Less than two weeks after authorities shut down file-sharing site Megaupload, it looks like everything stored by users on that site’s servers could soon be erased, even the stuff that wasn’t pirated.
The Washington Post and others report that Megaupload’s megalawyers have been notified by the DOJ that its completed its scouring of the site’s servers and that some of that info has now been copied onto government servers. As such, the government no longer needs the data, the future of which now appears to be at the discretion of the two hosting companies involved.
And since Megaupload’s assets have been frozen, it can’t pay the hosting fees.
“It is our understanding that the hosting companies may begin deleting the contents of the servers beginning as early as February 2, 2012,” explains one U.S. District Attorney.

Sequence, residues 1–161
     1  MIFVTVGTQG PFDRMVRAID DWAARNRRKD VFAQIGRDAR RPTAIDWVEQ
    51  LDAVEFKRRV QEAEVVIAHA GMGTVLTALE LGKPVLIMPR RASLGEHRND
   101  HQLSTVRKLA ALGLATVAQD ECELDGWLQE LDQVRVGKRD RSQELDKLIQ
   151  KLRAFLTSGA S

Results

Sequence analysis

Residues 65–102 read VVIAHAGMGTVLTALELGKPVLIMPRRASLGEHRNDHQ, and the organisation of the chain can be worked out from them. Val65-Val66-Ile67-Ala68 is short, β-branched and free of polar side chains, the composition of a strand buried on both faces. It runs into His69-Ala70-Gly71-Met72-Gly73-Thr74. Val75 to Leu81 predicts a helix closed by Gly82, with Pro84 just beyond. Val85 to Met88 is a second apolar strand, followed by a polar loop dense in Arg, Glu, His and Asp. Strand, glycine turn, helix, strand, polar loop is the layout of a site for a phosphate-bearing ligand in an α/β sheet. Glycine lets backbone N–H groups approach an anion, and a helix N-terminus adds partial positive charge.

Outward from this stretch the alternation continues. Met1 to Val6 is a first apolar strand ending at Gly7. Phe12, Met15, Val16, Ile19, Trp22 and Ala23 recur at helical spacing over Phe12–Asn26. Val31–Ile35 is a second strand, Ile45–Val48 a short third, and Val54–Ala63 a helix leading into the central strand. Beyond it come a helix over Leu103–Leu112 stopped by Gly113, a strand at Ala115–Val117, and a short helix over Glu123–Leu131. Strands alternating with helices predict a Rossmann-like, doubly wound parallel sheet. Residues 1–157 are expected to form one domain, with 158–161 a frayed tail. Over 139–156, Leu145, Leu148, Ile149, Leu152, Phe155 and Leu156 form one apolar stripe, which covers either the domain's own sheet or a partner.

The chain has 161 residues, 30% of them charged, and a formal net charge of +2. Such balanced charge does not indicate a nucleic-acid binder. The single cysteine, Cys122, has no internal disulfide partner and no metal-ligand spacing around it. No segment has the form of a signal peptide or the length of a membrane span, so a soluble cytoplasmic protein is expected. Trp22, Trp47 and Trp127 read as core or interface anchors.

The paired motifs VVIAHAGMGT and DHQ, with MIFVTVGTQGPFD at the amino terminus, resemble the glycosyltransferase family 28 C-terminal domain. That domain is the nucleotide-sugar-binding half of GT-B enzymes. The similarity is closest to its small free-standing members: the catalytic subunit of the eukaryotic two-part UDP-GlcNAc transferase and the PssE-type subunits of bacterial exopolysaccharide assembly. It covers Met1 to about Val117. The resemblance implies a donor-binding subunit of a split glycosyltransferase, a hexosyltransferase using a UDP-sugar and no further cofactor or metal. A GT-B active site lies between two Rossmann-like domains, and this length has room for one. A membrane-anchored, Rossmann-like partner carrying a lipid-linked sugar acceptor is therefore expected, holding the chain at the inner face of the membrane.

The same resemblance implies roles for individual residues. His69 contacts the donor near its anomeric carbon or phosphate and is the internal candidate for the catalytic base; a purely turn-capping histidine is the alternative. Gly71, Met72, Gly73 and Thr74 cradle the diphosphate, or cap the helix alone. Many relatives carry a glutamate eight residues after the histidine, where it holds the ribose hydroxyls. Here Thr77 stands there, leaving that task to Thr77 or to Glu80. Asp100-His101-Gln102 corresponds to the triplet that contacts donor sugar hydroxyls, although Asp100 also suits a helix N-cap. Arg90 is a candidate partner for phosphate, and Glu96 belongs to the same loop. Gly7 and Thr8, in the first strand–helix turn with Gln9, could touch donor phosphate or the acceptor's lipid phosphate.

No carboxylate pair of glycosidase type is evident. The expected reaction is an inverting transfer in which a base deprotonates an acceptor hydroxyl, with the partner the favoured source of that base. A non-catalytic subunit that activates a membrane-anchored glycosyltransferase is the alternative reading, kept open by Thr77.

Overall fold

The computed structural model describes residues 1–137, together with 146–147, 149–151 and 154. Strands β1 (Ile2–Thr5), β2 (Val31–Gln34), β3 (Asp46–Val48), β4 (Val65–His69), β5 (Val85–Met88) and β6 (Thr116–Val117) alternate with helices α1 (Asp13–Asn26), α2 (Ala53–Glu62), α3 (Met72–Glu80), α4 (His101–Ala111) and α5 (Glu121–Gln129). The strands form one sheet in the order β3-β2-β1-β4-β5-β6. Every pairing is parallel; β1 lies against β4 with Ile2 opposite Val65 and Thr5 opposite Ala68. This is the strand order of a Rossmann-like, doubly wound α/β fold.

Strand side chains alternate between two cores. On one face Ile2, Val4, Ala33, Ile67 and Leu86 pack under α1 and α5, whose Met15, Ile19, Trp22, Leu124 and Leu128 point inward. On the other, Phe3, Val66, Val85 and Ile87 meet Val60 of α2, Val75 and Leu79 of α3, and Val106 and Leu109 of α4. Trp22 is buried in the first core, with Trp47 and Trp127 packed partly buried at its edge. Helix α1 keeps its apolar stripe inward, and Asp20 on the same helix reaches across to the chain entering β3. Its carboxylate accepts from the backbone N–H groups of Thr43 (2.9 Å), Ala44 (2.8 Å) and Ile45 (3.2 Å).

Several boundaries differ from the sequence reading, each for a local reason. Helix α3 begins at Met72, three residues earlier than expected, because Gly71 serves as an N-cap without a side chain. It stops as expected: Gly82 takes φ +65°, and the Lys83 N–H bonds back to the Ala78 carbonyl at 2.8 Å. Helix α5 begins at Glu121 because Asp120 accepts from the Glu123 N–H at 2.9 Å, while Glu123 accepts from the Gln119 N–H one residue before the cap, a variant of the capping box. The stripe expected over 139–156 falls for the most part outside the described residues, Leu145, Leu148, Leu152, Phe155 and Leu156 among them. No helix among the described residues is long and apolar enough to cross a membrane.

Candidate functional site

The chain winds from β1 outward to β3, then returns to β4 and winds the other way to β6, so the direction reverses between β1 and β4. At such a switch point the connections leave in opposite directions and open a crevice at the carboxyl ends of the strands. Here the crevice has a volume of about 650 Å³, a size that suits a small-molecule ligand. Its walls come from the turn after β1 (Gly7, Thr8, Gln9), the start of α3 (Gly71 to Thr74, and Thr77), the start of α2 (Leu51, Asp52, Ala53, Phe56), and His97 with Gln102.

One Megalawyer tells the Post that this could mean the deletion of the personal files of at least 50 million customers, but adds, “We’re cautiously optimistic at this point that because the United States, as well as Megaupload, should have a common desire to protect consumers, that this type of agreement will get done.”
Yes, he actually said with a straight face that the U.S. government has a desire to protect consumers.
Maybe Megaupload should look into a new lawyer that doesn’t also probably believe in unicorns and ogres.
Megaupload data could be deleted starting Thursday [Washington Post]